If you’re planning to spend a day in the city of Bath, you’re in good company: tourists have been coming here since Roman times! Of course, it is much easier to get here now, and fast trains make it an ideal day trip from London. But why is the city so popular with tourists, and what is there for them to see and do?
Bath Is Where The Romans Took Their Holidays
Bath is famous for its natural hot springs, and it was a spa town even before the Romans arrived. But it was the Romans who put it on the tourist map. They developed the city, building a massive complex of baths and temples. This became known as a place of health and religious pilgrimage and attracted visitors from throughout the empire.
Even though the Romans are long gone, their baths remain the number one tourist spot. The site was redeveloped in the 18th century and now incorporates elegant Georgian buildings. There is also an impressive museum dedicated to Bath in Roman times.
Bath Was The Most Fashionable Place In Georgian England
In the 18th and 19th centuries Bath, with its healing waters, was one of the most fashionable places in the country. Wealthy visitors flocked to the city, staying for anything from a few weeks to a few years. This prompted a lot of new construction work, and most of Bath’s most famous buildings date from this period.
What you see today is a series of classically proportioned crescents, terraces and squares. They are all fashioned from the characteristic yellow Bath stone: even modern buildings use this material. Your time for exploration may be limited, but don’t miss The Circus and The Royal Crescent, possibly the most important examples of Georgian architecture anywhere in England.
Bath Is Still A Spa Town
Bath is the only place in Britain with natural thermal springs. Unfortunately you can no longer bathe in the Roman Baths, but there are other options. The Thermae Bath Spa, in the city centre, combines historic baths and buildings with modern, state of the art facilities, including a restaurant. The rooftop pool is very popular for its views, particularly at sunset.
Nearby is The Gainsborough, a hotel with a luxurious spa based around the city’s hot springs.
Famous Writers Lived in Bath
Because Bath was so fashionable several writers visited or lived here for a while. Literature-lovers could easily spend a whole day following in the footsteps of writers like Charles Dickens or Mary Shelley (author of Frankenstein), or many others who are associated with the city.
However, the most famous Bath writer is Jane Austen, who visited the city regularly and featured it in all of her novels. The Jane Austen Centre is a museum devoted to her life and work (it also gives a fascinating glimpse into life during the Regency period). And, as you walk around the city, you can look for many of the places she wrote about.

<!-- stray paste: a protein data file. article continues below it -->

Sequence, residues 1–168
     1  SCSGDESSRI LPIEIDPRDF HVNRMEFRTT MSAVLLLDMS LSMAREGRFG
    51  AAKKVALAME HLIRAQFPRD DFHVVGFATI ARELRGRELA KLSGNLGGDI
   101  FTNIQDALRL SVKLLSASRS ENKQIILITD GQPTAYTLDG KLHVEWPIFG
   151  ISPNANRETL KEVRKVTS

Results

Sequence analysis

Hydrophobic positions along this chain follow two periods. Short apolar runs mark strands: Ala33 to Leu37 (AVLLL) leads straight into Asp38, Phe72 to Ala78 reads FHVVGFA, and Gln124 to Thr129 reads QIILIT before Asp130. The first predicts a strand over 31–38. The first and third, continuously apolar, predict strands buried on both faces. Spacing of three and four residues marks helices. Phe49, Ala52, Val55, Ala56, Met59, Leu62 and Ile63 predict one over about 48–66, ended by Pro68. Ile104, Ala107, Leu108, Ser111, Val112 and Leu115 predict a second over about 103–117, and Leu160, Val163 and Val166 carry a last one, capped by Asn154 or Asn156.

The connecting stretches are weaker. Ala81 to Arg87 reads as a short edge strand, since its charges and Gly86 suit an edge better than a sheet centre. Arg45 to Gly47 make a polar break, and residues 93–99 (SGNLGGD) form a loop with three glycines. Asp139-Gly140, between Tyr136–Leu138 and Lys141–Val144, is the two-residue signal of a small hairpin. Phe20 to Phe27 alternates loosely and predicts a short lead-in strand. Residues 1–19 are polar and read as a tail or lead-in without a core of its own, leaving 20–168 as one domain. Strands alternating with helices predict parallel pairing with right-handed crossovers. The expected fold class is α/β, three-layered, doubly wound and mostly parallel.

You might be able to time your visit to coincide with one of Bath’s literary festivals. These include the Bath Festival, the Jane Austen Festival and the Bath Children’s Literature Festival.
Bath Has Been Featured In Lots Of Films
You may feel a sense of déjà vu when you visit Bath. That is because you are likely to have seen many of its locations on screen, either on the TV or at the cinema. The cobbled streets and picture-perfect buildings make it very popular with the producers of period dramas.
If you are a fan of Bridgerton, the new Netflix series, you will have seen images of the city, including the Royal Crescent and the Assembly Rooms. And Bath has been featured in many other productions, including Persuasion and Les Misérables.
There Is Lots Of Choice For Food And Drink
When it comes to eating and drinking, visitors are spoilt for choice, with everything from fast food to historic pubs to top-end restaurants. And you will find a whole range of different cuisines to choose from. There are even some exclusively vegetarian and vegan cafés and restaurants (I recommend the excellent Indian Temptation in the city centre).
You may not be surprised to hear that Bath has some culinary specialities of its own. Perhaps you have heard of the Bath bun, a sweet dough roll topped with sugar and dried fruit. This dates back to the 18th century and is said to have been a favourite of Jane Austen. Today you will find it in bakeries and tea shops. Or enjoy it in the historic setting of the Pump Room, the elegant Georgian meeting place that is now a restaurant and tea room.
The Sally Lunn bun also originated in Bath. This is a sort of a cross between a cake and a bread roll, with a sweet or savoury topping. Enjoy the original (secret) recipe in the place where they were invented, Sally Lunn’s Historic Eating House. (This is also a fascinating building and the oldest house in Bath, built in 1482 on top of a Roman basement.)
A Final Thought
This is just a few of the many reasons to visit Bath. There is actually far more to see and do in the city than you could fit into a day. If you have more time, why not stay for a few days? There are museums, parks, walks with spectacular views and much more.